DULUTH — Surrounded by a fortress of shipping containers in the Clure Public Marine Terminal, Vice President Mike Pence returned to Duluth Friday, Aug. 28, touting the Trump presidential campaign and telling supporters: "I bring greetings from the 45th president of the United States of America, President Donald Trump."

"It's on Minnesota," Pence added, to chants of "Four more years."

Pence spoke under an overcast sky and two days after he accepted the GOP nomination for vice president at Fort McHenry in Baltimore.

The Trump-Pence ticket is vying for reelection to the presidency against Democrat Joe Biden and his running mate Kamala Harris in the general election Nov. 3.

U.S. Rep. Pete Stauber, R-Hermantown, preceded Pence at the podium, saying Trump and Pence brought hope in the wake of the COVID-19 pandemic.

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“We will come out of it stronger, more prosperous and more resilient than ever before,” Stauber said. “Our best days are yet to come.”

Regarding the ongoing COVID-19 pandemic, there were hardly any masks worn and social distancing was not adhered to at the event, which featured a crowd that may have pushed the current limit for public gatherings in the state of 250 people.

Flanked by the American and Minnesota flags, Pence spoke from a raised platform to a cheerful red, white and blue crowd.

Since coming within 1.5 percentage points of winning the state in 2016, Trump and Pence have targeted Minnesota with repeated visits, eager to flip it red for the first time since Richard Nixon in 1972.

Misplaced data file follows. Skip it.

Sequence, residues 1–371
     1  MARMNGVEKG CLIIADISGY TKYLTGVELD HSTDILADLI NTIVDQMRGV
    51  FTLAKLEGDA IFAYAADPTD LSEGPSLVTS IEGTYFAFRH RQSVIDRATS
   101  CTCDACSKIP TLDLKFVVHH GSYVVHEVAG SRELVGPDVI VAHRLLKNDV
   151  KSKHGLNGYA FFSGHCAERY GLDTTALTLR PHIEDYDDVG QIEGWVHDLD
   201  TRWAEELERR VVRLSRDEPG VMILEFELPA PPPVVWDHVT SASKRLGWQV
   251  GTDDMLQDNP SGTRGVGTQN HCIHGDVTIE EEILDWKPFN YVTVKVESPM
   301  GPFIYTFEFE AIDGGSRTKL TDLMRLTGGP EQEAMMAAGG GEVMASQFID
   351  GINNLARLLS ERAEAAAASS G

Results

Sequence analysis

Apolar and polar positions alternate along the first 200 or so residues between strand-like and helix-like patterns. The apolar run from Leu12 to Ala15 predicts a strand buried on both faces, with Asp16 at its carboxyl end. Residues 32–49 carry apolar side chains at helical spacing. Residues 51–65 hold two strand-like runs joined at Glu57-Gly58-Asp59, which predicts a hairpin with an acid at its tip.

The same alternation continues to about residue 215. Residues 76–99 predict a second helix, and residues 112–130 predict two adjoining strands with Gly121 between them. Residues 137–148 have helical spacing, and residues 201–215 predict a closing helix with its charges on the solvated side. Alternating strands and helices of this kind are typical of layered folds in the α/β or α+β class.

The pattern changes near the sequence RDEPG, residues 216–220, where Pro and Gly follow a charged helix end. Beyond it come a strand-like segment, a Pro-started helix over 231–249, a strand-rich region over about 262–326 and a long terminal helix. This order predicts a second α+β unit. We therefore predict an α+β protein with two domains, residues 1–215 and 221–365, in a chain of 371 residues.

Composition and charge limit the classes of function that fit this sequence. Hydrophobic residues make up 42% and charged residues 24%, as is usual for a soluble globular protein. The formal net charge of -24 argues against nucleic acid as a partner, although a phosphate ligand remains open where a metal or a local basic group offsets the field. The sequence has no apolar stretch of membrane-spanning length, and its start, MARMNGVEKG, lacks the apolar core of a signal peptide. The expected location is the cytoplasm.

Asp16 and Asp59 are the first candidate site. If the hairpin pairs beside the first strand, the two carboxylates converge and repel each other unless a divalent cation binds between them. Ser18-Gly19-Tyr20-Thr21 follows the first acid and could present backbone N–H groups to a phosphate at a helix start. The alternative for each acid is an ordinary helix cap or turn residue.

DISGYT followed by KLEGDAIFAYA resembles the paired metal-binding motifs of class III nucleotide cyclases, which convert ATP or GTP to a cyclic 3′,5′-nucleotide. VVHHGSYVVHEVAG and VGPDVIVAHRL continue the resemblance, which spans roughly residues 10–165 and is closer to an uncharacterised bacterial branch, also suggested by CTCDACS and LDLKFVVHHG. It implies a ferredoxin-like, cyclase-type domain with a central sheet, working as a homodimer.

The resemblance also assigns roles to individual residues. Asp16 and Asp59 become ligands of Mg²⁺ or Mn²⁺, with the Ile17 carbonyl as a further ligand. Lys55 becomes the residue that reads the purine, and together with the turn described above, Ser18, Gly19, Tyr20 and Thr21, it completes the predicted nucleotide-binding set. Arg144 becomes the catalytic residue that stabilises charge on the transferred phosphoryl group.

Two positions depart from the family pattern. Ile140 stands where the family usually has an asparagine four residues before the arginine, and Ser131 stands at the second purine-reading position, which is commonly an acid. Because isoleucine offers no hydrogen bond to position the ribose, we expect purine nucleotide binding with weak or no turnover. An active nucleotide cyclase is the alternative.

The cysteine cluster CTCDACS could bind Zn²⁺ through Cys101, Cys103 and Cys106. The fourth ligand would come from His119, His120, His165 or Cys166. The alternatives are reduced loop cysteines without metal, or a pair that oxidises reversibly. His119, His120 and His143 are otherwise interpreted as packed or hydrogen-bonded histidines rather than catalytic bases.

Kevin Arenz, 58, and Chris Klein, 37, rode motorcycles to the event from the Twin Cities, riding for the "Boots on the Ground Bikers for Trump."

"I don't consider him a politician," Arenz, of Savage, Minn., said. "He's the president of the United States and the world. What he's doing by ending endless wars wouldn't have happened without him."

"I don't care what comes out of his mouth," Klein, of Richfield, Minn., said. "I care that he has balls."

In conjunction with Pence’s stop in Duluth, several mayors announced in a joint letter their endorsement of the Trump ticket, including Larry Cuffe, of Virginia; John Champa, of Chisholm; Chuck Novak, of Ely; Chris Swanson, of Two Harbors; Robert Vlaisavljevich, of Eveleth; and Andrea Zupancich, of Babbitt.

Three Black Lives Matters protesters were asked to leave the event, which was on private property belonging to U.S. Customs and Border Protection. They left quietly.

“We were here to be seen, and to say we don’t support Donald Trump and Mike Pence,” Malachy Koons, 24, of Duluth, said, blaming their rhetoric for inflaming far-right violence in places such as Minneapolis and Kenosha, Wis.